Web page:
U.S. Geological Survey
Friday, February 23, 2024, 11:39 AM AKST (Friday, February 23, 2024, 20:39 UTC)

52°4'35" N 176°6'39" W, Summit Elevation 5709 ft (1740 m)
Current Volcano Alert Level: WATCH
Current Aviation Color Code: ORANGE

The eruption of lava within the summit crater of Great Sitkin Volcano continues. Cloud cover inhibited most views of the volcano during the last week. Satellite imagery from February 19 showed continued growth of the active northwest flow lobe. Seismic activity remains relatively low with occasional small volcanic earthquakes.

The current prolonged period of lava eruption at Great Sitkin Volcano began in July 2021. No explosive events have occurred since a single event in May 2021.       

The volcano is monitored by local seismic, geodetic, and infrasound sensors and web cameras, as well as regional infrasound and lightning networks and satellite data.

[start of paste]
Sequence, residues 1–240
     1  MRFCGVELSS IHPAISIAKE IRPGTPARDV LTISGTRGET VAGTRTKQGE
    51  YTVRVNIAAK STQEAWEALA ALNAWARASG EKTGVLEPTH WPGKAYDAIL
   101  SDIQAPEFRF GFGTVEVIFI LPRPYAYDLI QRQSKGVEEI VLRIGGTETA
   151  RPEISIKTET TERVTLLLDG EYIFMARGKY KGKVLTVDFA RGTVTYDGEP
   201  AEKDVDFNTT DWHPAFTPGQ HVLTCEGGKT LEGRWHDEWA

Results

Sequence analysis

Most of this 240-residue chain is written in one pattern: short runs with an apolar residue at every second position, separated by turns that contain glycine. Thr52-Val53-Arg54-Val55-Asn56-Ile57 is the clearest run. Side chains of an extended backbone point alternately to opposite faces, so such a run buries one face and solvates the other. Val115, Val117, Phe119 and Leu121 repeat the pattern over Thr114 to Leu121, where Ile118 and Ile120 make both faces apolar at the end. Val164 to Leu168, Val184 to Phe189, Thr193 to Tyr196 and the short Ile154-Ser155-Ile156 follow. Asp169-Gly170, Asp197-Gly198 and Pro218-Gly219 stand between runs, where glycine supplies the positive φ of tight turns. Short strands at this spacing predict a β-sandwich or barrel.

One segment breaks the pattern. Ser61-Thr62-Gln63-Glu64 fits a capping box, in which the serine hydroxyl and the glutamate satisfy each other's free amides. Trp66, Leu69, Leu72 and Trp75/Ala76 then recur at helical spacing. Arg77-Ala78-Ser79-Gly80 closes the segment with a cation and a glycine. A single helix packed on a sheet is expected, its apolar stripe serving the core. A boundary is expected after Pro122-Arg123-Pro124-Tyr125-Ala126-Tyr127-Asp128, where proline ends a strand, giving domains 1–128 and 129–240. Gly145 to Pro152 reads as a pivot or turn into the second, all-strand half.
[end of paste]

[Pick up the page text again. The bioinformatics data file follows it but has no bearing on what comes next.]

Great Sitkin Volcano is a basaltic andesite volcano that occupies most of the northern half of Great Sitkin Island, a member of the Andreanof Islands group in the central Aleutian Islands. It is located 26 miles (43 km) east of the community of Adak. The volcano is a composite structure consisting of an older dissected volcano and a younger parasitic cone with a ~1 mile (1.5 km)-diameter summit crater. A steep-sided lava dome, emplaced during the 1974 eruption, occupies the center of the crater. That eruption produced at least one ash cloud that likely exceeded an altitude of 25,000 ft (7.6 km) above sea level. A poorly documented eruption occurred in 1945, also producing a lava dome that was partially destroyed in the 1974 eruption. Within the past 280 years a large explosive eruption produced pyroclastic flows that partially filled the Glacier Creek valley on the southwest flank.

54°45'19" N 163°58'16" W, Summit Elevation 9373 ft (2857 m)
Current Volcano Alert Level: ADVISORY
Current Aviation Color Code: YELLOW